With the festive season coming up, and a lot going on in the news, no-one seems really interested in earthquakes — except people like me, of course. The week of 7-13 December, 2017 wasn’t outstanding in terms of the numbers, magnitudes or locations of the earthquakes which appeared on the United States Geological Survey’s real time earthquake map, but as always, it produced some interesting features.
The map, which includes earthquakes of all magnitudes — not the same as all earthquakes — in the US and its territories and those of at least magnitude 4 (≥M4.0) elsewhere, included a total of just under 1800 earthquakes, the largest of which came in at M6.4. There were five of at least M6.0, three of which were connected (of which more later) and 22 reached at least M5.0.
In terms of distribution there was nothing to catch the eye, bar one slightly unusual (but not exceptional) M4.5 in Poland. The rest of the larger earthquakes were, as always, associated with the boundaries of the Earth’s major tectonic plates.
The Week’s Biggest Earthquakes: M6.4, West-Central Pacific
I’m at a bit of a loss how to describe this week’s largest earthquakes, a pair of M6.4 tremors, in such a way that anyone will know where they were. The USGS puts them at M 6.4 – 50km NW WNW respectively of Fais, Micronesia, which didn’t leave me any the wiser. But a look at a map shows that the really are in the middle of nowhere. Think a couple of thousand kilometres east of the Philippines and about half as much again south of Japan and you’ll be in the right area.
So what happened? Tectonically, this pair of matching earthquakes (and the handful of aftershocks that also appear on the map, one of them only just a little smaller at M6.1) occurred near the leading edge of the Pacific plate close (relatively speaking) to where it collides with the Philippine Sea plate.
Make no mistake — this is the coming together of two big beasts and it takes place at depth. When continental plates collide they build mountains and when oceanic plates collide, they drag one another down. The margin between these plates (its the Pacific that loses the battle and is subducted) has created the Marianas Trench, thousands of kilometres long and with the distinction of being the lowest place on Earth and almost 11,000 metres below sea level.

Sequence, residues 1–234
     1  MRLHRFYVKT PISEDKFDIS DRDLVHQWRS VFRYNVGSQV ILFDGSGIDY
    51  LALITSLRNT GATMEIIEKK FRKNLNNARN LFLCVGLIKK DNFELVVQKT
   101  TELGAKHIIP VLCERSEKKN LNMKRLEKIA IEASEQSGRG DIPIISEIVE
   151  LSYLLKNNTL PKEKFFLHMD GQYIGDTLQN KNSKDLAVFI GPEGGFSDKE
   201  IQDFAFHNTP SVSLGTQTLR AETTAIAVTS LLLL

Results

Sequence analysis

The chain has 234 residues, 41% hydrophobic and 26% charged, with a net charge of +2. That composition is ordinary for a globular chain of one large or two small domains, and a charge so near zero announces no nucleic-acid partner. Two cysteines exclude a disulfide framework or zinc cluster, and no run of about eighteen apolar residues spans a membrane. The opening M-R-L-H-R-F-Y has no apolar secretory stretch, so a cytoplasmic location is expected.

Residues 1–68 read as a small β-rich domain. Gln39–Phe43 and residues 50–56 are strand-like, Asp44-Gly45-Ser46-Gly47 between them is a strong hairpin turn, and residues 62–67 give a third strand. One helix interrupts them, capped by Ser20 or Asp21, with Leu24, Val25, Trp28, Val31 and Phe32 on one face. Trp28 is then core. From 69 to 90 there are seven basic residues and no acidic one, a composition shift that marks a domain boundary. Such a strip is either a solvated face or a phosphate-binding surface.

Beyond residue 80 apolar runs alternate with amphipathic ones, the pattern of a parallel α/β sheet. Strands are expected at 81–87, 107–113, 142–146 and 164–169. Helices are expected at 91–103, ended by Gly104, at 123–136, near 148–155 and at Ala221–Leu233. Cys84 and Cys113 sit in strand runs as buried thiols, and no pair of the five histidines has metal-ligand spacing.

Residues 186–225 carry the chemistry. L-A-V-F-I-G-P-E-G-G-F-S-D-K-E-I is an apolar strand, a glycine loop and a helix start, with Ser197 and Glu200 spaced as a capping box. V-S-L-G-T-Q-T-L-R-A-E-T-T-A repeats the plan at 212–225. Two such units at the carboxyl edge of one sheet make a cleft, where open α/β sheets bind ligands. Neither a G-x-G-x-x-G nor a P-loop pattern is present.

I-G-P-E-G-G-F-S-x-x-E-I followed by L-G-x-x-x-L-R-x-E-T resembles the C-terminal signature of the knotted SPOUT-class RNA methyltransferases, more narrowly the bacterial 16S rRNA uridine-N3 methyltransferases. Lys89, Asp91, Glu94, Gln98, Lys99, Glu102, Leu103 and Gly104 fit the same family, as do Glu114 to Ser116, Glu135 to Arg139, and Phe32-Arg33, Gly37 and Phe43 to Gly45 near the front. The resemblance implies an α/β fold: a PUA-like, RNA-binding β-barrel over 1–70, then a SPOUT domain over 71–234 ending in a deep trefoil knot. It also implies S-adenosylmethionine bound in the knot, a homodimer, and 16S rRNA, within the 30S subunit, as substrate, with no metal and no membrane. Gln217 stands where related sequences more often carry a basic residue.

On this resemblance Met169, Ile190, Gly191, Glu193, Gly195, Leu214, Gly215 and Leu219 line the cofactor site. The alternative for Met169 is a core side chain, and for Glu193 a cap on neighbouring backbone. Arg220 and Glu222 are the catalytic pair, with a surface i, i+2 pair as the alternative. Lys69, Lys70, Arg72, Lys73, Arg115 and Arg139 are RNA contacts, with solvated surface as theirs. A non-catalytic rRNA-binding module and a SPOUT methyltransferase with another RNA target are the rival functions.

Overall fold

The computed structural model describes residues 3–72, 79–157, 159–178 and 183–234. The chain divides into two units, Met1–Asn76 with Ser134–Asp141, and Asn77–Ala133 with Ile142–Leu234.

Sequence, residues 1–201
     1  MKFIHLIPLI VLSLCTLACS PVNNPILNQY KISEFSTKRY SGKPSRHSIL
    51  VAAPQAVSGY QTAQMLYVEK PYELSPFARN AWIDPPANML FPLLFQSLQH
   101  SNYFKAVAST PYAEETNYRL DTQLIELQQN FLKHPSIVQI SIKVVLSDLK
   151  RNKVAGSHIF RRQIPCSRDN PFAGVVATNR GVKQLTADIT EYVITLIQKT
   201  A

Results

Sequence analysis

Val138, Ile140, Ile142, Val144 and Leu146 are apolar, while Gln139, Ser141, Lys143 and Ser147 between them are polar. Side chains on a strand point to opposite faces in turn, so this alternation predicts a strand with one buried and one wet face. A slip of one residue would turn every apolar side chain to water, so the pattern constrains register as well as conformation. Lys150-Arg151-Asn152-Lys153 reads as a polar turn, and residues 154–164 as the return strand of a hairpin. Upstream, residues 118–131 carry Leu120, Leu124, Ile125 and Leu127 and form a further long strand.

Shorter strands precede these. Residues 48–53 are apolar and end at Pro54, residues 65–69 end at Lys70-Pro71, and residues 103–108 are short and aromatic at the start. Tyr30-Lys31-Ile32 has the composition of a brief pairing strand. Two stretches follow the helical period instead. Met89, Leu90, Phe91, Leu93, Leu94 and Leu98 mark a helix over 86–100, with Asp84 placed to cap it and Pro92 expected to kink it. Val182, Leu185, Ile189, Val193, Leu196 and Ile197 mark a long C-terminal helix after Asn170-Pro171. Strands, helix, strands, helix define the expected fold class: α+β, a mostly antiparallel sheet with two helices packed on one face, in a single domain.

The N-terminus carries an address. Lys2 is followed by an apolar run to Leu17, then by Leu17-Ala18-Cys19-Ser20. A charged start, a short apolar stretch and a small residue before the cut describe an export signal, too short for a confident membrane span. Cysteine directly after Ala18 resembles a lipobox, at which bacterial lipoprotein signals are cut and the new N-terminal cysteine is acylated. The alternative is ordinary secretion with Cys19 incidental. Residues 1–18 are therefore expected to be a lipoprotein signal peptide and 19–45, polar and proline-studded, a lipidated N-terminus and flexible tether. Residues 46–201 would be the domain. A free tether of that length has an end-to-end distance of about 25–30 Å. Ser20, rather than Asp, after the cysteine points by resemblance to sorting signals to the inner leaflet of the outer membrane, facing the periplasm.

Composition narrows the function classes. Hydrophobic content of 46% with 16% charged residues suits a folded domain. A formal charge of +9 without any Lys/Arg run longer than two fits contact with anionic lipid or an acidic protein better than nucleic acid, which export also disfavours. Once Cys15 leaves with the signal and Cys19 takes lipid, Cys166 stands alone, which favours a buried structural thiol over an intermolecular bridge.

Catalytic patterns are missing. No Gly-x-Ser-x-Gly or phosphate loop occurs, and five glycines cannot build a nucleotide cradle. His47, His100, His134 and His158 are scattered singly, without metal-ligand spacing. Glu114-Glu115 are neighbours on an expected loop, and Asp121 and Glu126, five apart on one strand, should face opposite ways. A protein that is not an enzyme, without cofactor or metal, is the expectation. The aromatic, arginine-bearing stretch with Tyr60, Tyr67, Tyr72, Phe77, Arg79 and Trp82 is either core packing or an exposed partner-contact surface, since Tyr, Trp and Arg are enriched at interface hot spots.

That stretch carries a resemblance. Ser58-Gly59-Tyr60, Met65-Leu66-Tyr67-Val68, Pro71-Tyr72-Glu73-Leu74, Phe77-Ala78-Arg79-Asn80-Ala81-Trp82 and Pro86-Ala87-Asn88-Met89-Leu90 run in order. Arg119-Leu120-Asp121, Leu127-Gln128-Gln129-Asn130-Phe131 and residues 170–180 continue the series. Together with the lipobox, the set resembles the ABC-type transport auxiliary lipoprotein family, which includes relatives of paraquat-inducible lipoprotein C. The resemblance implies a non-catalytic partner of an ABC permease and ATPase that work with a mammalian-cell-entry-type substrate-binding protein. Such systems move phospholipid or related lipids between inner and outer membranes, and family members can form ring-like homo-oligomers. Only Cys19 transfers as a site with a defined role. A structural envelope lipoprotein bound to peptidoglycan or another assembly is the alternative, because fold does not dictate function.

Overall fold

That said, you might think that these earthquakes are the result of subduction, but the evidence suggests otherwise. They occur at the southern end of this section of the plat margin, where it turns through a right angle. To accommodate the lateral strain caused by this movement, the crust moves along strike-slip faults — which is what happened in this case.
M6.0 Tremor, Iran
I’ve talked a couple of times recently about the prospect of an earthquake in Iran. This week saw the second M6.0 in the central part of the country so far this month — very similar to its predecessor in size. When I talked about the earthquakes in the Pacific, I spoke of oceanic plates coming together and in this case it’s the giants of Arabia and Eurasia — and the result is uplift, not subduction.
Like its predecessor, this week’s M6.0 was caused by compression, even though most of the faults in this part of the area are lateral. In fact, the two are very similar, so much so that rather than describe them as fore and aftershocks, they’re best regarded as a ‘doublet’ — a pair of earthquakes occurring close together in time, space and magnitude. (Not unlike the two occurring in the Pacific and discussed above.)
With identical magnitudes and depths, very similar direction of movement and just a few days and around 15km between them, these two earthquakes are a classic pairing and, as such, almost certainly related.
US Earthquakes, California
Way down in southern California, the notorious San Andreas Fault zone changes its nature and becomes a constructive boundary along the middle of the Gulf of California. It was in one of the last shouts of this major strike-slip fault system, the Elsinore Fault, that there was an earthquake of M4.0 this week.
Such things aren’t unusual, as many sections of the San Andreas are creeping along quietly, so that movement is low level and fairly constant, though in other areas strain is building up at higher levels with the prospect of a major earthquake some time in the future.
As an aside, when people talk about the prospect of earthquakes ripping California apart so that half of it falls into the sea, they aren’t havering (as we say in Scotland) as much as you might think. The separation of Baja California from the mainland of Mexico is the beginning of the process: the chances are that that margin will propagate northwards and, in many millions of years the western side of the fault zone will drift off into the Pacific.
So there’s some truth in the rumour after all. But I wouldn’t lose any sleep over it.
Last Thoughts: It’s All Relative
So this week we saw another (in fact, another two) of those large earthquakes that no-one notices, no-one reports, no-one is affected by and, bluntly, no-one cares about, and illustration of the fact that the Earth quietly goes about its business for most of the time without anyone giving a toss.
We also saw an earthquake in an area where one of the biggest scare stories around — the break up of California — is actually happening, under our feet.
But it’s all relative. Continental breakup really is major change — but it’s so major that it isn’t achieved by any single event, but by creeping movement of the Earth’s tectonic plates.
The collisions between plates that have created earthquakes in Iran, in California and in the middle of nowhere this week aren’t in themselves, significant, but just minute steps in a cycle of continental break up and reassembly that lasts millions of years.
It’s a matter of perspective.